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Watch for Ticks - Lyme Disease Moving West in ND (5/18/17)

With warmer spring weather, ticks are starting to get active and looking for hosts to feed on.

Watch for Ticks - Lyme Disease Moving West in ND

With warmer spring weather, ticks are starting to get active and looking for hosts to feed on. Two common ticks in North Dakota include the smaller black legged tick (or deer tick), Ixodes scapularis, and the larger dog ticks, Dermacentor variabilis. Ixodes scapularis is the tick species that vectors Lyme disease (see photographs). Ticks can be a significant threat to anyone’s health if you enjoy hiking, camping, hunting, playing or working outside in undisturbed grassy or wooded areas.

The Center for Disease Control and Prevention (CDC) states that Lyme disease is the most commonly reported vector borne illness in the United States. In 2015, it was the sixth most common Nationally Notifiable Disease and about 300,000 people are diagnosed with Lyme disease each year – about 10 times as many as are officially reported. Lyme disease is concentrated in 14 states in the Northeast and upper Midwest. However, Ixodes scapularis is moving further west in North Dakota and is considered established in eastern North Dakota. The North Dakota Department of Health confirmed 17 cases of Lyme disease in seven counties in 2016: Barnes, Burleigh, Cass, Grand Forks, McIntosh, Stark and Ward counties. The number of positive and confirmed records of Lyme disease in North Dakota has increased since 2005.




Lyme disease is caused by the bacterium Borrelia burgdorferi. Symptoms of Lyme disease includes: Bull’s eye rash, headache, fever and fatigue. In a worst case scenario, infections can cause arthritic joints, and affect the nervous system causing facial paralysis, and spinal cord, brain or heart problems. Lyme disease must be treated immediately with antibiotics. It can take 2 to 3 weeks to recovery if treated early. The later you wait for treatment; your symptoms will become more severe and more difficult to cure. For more information, please see the CDC website:


                The Center for Disease Control and Prevention (CDC) recommends the following strategies for field workers and preventing tick bites:

  • Minimizing Direct Contact with Ticks by avoiding woody and high grass areas and walking in center of trails, if possible. Ticks are most active in May through August in North Dakota.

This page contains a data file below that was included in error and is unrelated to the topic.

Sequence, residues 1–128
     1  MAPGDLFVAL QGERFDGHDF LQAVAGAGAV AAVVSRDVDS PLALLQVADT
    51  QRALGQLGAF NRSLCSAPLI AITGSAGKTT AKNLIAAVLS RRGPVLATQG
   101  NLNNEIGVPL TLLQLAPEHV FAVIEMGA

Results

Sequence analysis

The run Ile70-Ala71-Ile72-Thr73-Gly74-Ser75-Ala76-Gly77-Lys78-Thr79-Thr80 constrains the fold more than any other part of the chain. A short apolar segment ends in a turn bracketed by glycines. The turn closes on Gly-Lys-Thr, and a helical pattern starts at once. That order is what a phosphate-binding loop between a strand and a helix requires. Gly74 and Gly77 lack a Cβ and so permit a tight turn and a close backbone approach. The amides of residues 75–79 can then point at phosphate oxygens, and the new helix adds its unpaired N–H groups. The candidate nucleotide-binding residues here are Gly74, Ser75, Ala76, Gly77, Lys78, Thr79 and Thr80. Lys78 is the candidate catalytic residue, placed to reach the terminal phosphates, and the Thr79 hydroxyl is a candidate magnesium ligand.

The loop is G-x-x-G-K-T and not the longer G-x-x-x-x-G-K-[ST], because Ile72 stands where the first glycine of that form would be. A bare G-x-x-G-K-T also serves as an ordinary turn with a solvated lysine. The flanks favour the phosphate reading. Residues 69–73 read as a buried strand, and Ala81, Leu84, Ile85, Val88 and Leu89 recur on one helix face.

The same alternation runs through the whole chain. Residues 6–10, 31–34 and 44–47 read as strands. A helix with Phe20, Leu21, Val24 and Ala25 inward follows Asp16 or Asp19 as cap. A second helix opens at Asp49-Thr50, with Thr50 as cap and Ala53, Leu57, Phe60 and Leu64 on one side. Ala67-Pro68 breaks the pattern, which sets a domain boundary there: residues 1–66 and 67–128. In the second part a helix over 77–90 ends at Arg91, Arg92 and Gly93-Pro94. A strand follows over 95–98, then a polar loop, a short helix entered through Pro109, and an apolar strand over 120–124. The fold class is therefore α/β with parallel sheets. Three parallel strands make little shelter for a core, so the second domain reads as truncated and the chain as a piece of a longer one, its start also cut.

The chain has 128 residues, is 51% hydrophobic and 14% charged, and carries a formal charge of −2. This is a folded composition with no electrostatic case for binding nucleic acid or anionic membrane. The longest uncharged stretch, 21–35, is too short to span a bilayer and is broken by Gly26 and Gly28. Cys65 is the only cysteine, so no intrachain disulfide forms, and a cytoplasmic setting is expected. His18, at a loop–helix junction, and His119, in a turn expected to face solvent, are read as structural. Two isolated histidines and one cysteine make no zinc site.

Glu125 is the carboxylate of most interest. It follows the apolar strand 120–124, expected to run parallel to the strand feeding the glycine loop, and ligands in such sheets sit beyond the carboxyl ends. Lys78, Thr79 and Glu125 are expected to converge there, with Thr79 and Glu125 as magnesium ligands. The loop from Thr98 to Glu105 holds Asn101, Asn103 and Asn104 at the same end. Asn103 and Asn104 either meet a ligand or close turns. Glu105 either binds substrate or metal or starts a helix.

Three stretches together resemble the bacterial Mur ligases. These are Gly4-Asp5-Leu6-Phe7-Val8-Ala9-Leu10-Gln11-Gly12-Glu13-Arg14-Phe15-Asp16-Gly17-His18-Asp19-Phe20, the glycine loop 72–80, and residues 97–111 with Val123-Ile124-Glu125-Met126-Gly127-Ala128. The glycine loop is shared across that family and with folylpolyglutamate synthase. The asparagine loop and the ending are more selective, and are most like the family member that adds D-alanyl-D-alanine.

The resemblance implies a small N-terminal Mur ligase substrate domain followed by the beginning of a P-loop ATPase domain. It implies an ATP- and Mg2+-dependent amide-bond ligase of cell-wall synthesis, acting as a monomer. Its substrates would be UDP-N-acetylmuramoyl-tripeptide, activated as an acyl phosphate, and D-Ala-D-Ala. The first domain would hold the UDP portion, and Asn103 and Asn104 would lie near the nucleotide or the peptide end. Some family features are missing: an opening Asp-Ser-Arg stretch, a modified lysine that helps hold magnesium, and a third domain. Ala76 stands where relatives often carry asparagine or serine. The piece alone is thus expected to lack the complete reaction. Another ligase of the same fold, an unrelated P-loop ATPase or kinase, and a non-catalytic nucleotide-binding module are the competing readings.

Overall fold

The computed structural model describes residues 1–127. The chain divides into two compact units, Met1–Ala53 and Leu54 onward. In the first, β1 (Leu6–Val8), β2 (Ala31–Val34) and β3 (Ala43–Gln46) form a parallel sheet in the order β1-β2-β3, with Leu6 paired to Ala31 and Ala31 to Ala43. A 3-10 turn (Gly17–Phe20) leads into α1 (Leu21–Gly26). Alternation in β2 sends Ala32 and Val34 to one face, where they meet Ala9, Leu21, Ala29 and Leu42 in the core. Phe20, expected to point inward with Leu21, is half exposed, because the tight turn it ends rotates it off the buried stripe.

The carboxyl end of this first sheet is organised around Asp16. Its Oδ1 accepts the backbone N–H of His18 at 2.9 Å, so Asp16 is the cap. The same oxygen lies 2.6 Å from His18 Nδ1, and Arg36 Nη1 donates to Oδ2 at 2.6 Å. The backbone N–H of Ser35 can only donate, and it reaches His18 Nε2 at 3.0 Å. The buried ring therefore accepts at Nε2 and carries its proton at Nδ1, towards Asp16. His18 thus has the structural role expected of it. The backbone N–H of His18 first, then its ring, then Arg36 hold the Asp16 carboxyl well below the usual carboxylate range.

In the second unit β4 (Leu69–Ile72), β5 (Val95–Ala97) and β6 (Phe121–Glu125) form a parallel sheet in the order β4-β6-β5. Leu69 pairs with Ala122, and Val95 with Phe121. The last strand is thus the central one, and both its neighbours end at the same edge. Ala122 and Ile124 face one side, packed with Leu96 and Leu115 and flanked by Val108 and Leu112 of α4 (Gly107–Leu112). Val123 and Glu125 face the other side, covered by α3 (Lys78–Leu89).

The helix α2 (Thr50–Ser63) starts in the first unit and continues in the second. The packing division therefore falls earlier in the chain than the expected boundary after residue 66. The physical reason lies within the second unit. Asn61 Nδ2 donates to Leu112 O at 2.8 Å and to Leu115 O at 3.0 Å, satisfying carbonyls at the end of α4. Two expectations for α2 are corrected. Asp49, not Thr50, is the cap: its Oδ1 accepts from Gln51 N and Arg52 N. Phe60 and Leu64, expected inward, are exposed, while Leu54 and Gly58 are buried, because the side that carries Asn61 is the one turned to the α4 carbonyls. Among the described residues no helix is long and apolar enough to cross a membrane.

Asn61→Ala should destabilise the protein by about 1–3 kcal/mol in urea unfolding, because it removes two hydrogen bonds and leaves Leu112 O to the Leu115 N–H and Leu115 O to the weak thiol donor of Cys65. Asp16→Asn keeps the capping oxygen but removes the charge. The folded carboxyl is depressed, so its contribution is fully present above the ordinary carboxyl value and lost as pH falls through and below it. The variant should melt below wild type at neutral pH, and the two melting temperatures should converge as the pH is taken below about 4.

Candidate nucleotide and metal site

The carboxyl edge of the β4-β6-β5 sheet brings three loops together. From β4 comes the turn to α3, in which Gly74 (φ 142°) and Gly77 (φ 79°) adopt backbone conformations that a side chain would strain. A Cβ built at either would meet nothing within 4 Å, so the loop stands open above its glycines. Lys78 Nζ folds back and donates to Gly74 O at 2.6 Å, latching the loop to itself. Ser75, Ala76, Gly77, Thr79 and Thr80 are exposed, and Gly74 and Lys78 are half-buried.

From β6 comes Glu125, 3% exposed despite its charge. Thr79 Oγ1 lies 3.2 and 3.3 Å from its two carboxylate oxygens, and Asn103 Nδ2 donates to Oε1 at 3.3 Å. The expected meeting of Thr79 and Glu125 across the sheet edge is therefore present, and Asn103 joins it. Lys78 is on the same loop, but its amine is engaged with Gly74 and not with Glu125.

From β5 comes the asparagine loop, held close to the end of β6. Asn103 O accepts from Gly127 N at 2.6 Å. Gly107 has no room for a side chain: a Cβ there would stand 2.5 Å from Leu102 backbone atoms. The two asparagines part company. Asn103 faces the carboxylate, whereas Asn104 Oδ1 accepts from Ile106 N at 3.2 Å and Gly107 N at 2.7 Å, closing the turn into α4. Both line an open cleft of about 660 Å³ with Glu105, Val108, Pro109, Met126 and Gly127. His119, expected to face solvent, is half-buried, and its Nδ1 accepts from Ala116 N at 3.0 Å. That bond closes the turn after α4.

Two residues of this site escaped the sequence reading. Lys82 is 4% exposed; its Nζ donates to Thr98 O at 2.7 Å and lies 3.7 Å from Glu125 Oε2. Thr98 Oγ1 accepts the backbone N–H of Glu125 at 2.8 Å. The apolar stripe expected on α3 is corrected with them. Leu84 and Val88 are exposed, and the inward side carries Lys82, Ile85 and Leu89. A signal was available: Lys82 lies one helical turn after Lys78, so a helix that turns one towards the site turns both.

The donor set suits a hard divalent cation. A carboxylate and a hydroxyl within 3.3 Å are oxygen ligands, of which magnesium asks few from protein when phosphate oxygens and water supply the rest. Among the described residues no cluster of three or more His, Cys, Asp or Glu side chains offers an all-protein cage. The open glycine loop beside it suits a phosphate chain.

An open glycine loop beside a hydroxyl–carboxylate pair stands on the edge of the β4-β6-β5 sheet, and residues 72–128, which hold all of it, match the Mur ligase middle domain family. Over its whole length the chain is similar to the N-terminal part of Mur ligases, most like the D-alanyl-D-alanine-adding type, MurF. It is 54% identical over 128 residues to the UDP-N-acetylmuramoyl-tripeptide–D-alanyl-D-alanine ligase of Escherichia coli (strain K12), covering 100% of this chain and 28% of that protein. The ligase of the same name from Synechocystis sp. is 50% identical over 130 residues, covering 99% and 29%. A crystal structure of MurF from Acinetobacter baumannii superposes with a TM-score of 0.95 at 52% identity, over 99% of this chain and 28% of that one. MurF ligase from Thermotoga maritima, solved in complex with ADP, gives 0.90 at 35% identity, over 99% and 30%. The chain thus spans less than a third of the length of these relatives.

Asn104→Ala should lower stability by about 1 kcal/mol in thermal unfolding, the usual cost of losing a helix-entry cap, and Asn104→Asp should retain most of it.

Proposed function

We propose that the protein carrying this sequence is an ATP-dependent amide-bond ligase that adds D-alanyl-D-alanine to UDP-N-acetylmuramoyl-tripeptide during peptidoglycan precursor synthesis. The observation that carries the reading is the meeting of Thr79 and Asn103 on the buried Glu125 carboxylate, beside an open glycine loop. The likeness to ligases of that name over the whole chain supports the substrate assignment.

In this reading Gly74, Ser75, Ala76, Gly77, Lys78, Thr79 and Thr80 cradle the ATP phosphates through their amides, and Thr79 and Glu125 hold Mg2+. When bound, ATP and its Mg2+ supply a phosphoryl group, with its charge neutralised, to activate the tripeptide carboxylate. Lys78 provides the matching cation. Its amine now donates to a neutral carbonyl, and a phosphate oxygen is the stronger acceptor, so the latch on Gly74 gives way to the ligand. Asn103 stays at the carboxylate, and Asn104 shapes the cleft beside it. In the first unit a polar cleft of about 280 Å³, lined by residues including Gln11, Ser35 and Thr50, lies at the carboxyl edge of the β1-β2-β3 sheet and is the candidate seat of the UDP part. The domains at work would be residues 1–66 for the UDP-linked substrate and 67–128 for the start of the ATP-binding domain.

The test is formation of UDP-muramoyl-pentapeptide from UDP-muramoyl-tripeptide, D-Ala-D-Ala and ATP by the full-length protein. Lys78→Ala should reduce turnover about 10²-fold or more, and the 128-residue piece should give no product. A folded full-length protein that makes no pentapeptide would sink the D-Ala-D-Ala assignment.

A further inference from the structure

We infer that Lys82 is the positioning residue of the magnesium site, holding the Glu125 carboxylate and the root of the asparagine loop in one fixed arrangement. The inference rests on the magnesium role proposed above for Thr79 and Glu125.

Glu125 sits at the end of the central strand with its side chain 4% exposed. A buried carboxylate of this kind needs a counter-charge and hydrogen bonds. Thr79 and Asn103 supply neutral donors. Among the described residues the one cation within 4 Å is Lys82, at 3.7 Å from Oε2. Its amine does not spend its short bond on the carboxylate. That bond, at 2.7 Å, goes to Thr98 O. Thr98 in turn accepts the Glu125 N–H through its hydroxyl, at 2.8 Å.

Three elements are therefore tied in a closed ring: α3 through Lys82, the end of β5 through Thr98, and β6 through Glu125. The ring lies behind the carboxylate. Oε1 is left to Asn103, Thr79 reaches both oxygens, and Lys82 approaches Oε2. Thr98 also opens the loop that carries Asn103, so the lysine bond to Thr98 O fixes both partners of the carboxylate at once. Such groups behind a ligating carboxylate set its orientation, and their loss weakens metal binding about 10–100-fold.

• Use repellent with 20-30% DEET (N,N-diethyl-m-toluamide) on exposed skin and clothing. This should provide several hours of protection. Or wear clothing treated with permethrin.
  • Quickly find and remove any ticks from body by using a tweezers. Grasp tick close to skin and pull straight up to avoid breaking off the tick’s mouthparts in the skin. Clean bite area with rubbing alcohol or soap and water. Apply an antiseptic to the bite site.
  • Inspect yourself every 2-3 hours to find any ticks crawling on you and to remove them before they attach to feed on your blood. Ticks like to hides in hair, behind ears and other areas that may be difficult to inspect.
  • Wash any clothing that you were wearing soon and then dry in high heat for an hour to kill any ticks. Otherwise, ticks can attach to you later after hitchhiking on your clothes into home.
  • Reduce tick habitat near home.
    • Keep lawns mowed around home.
    • Place a 3-ft wide barrier of wood chips or gravel between lawns, patio or play areas and wooded areas to prevent tick movement.
    • Exclude wildlife (especially deer) that may be carrying ticks into your yard.
    • Some insecticides registered for control of ticks by homeowners in residential areas include: carbaryl (Sevin®), cyfluthrin (Tempo®, Powerforce™), permethrin (Astro®, Ortho® products, Bonide® products), and pyrethrin (Pyrenone®, Kicker®). Always read and follow the EPA approved label on the product container.


      Janet J. Knodel
    Extension Entomologist

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